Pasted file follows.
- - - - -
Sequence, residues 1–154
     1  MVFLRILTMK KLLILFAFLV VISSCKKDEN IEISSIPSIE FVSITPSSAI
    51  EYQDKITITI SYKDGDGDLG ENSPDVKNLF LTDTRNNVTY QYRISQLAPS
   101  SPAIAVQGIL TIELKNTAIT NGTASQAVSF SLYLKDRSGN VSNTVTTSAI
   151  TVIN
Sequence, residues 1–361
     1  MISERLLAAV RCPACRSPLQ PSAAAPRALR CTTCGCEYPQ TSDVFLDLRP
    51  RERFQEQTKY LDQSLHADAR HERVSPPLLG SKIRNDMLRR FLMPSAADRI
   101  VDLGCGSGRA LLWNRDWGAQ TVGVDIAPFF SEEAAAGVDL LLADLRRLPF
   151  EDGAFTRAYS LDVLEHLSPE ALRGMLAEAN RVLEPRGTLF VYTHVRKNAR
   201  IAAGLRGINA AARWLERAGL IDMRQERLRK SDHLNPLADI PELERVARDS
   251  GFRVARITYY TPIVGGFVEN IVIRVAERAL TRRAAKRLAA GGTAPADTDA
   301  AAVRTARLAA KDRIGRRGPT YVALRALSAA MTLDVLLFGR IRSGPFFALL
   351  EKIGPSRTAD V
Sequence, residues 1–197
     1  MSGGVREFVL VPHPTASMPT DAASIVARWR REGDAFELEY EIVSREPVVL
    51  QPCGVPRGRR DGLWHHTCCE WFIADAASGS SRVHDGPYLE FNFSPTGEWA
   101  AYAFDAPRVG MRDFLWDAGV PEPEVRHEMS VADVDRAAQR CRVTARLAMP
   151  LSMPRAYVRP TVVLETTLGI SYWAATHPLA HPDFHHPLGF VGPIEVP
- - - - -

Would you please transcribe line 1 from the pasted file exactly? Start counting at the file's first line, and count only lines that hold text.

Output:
Sequence, residues 1–154